Although America recognizes freedom of speech, that freedom ends the moment someone threatens the life of another. Florida, like all states, takes death threats very seriously. Under Florida law, making credible threats that place another person in fear for her life is a felony, punishable by prison time and fines. If the perpetrator is a repeat offender, his punishment may be increased by the court.
Under Florida law, threatening another person's life falls under the category of stalking, defined as willfully, maliciously and repeatedly following, harassing or cyberstalking another person. If the person making death threats intends for the victim to fear for her safety, specifically fearful of death or bodily harm, it is considered a credible threat under the law, which changes the crime from stalking, a first degree misdemeanor, to aggravated stalking, a felony of the third degree. Even if the threats cause the victim to fear for the life or safety of her child or other family members, rather than herself, it is still aggravated stalking.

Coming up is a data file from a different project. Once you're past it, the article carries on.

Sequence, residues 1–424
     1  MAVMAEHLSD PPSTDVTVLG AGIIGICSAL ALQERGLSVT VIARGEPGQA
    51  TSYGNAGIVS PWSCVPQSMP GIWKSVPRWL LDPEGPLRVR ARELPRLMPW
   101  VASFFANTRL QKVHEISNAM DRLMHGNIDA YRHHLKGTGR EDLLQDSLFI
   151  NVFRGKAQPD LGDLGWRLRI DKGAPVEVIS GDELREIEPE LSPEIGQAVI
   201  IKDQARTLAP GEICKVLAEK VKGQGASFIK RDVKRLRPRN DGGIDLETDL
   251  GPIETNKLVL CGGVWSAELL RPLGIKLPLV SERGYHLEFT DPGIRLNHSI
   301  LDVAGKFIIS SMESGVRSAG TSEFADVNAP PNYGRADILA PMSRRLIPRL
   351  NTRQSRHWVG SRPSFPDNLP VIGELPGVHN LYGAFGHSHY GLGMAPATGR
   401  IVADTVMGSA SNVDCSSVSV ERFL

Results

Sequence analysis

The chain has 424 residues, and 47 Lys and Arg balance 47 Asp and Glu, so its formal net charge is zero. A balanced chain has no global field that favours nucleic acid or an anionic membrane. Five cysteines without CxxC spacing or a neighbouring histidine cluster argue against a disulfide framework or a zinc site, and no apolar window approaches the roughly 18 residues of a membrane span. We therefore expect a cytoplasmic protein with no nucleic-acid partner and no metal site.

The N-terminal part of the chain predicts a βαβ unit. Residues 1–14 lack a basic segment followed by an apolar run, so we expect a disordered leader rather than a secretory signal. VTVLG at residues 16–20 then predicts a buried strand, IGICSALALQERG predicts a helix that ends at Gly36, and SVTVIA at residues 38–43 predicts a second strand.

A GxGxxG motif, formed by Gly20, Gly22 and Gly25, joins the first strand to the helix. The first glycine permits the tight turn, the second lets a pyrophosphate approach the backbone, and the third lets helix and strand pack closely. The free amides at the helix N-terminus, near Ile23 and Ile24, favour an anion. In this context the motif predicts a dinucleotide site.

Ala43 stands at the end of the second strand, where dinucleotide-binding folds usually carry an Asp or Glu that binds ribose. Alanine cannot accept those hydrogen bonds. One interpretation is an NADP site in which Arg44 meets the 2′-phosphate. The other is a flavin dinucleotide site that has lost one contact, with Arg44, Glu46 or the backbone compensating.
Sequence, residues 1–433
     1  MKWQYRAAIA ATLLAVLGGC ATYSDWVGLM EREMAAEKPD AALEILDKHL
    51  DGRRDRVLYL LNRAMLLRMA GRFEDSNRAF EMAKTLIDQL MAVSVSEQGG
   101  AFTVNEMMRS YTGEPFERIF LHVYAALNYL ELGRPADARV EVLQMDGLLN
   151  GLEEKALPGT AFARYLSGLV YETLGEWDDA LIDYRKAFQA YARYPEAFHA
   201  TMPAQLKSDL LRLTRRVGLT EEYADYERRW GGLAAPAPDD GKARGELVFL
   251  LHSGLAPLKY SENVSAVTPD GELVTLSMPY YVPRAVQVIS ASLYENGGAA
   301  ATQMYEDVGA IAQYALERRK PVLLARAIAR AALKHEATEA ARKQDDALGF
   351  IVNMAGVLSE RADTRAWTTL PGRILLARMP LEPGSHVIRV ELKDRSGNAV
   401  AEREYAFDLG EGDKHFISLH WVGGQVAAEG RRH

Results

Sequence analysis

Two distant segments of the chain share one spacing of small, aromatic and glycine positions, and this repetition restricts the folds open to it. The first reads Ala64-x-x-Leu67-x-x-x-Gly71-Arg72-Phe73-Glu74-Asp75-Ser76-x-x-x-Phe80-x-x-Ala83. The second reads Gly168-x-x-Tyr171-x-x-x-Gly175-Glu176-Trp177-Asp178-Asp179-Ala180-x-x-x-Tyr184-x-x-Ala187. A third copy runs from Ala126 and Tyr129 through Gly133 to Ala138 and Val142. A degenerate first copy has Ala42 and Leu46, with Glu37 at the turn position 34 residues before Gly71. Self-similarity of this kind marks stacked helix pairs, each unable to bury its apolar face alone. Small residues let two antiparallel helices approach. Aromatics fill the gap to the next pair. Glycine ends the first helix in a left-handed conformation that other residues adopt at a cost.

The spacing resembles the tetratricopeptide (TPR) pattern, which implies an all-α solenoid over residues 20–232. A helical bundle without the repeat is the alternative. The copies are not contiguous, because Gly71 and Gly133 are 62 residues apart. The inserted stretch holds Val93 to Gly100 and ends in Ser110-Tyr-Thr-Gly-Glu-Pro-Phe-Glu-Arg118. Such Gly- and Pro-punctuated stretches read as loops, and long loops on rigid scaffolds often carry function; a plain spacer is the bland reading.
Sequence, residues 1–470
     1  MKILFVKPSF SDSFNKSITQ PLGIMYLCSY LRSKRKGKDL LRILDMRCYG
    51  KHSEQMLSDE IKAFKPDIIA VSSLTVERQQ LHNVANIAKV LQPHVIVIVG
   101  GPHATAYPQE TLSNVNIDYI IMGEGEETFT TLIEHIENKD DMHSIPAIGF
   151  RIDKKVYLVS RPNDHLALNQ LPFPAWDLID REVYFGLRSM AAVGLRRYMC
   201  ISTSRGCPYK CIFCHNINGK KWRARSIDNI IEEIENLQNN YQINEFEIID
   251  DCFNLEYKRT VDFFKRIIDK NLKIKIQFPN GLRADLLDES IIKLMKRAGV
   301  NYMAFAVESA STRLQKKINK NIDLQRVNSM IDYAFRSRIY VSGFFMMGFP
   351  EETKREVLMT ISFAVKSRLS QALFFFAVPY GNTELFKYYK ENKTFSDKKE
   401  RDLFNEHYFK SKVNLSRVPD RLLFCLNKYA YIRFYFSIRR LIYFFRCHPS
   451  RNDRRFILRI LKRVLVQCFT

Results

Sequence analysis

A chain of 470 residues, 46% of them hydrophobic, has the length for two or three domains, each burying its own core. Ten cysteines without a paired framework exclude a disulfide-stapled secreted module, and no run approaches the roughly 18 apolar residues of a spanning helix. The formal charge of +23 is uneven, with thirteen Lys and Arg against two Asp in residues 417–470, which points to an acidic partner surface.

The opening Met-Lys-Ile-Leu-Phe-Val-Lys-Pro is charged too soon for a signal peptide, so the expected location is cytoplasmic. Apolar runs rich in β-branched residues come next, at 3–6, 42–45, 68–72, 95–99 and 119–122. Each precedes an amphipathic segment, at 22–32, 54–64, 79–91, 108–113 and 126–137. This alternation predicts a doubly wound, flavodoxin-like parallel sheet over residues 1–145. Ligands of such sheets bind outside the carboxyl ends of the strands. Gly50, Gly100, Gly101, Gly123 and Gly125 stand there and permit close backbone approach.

Persons convicted of aggravated stalking in Florida may be sentenced to up to five years in prison, fined up to $5,000 or both. If the stalker is a "habitual violent felony offender," previously convicted of one or more qualifying felonies or conspiracy to commit a felony, such as aggravated stalking, the court may extend his prison sentence to up to 10 years. If the stalker is a "three-time violent felony offender” or "violent career criminal" with more than three violent felony convictions, the court is required to impose a mandatory minimum prison sentence of five years and 10 years, respectively.